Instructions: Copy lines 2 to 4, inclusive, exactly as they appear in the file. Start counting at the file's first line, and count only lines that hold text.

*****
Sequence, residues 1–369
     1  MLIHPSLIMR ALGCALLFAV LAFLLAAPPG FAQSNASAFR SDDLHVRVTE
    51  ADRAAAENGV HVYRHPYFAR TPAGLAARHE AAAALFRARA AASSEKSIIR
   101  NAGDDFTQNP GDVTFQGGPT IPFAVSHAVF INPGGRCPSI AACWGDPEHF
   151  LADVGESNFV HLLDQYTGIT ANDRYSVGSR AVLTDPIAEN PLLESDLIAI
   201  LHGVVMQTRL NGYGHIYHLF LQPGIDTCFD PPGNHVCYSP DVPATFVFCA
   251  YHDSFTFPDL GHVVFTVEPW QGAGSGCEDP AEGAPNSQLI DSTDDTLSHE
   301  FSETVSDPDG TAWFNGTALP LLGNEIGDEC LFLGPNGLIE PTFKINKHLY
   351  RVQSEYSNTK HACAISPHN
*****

     1  MLIHPSLIMR ALGCALLFAV LAFLLAAPPG FAQSNASAFR SDDLHVRVTE
    51  ADRAAAENGV HVYRHPYFAR TPAGLAARHE AAAALFRARA AASSEKSIIR
   101  NAGDDFTQNP GDVTFQGGPT IPFAVSHAVF INPGGRCPSI AACWGDPEHF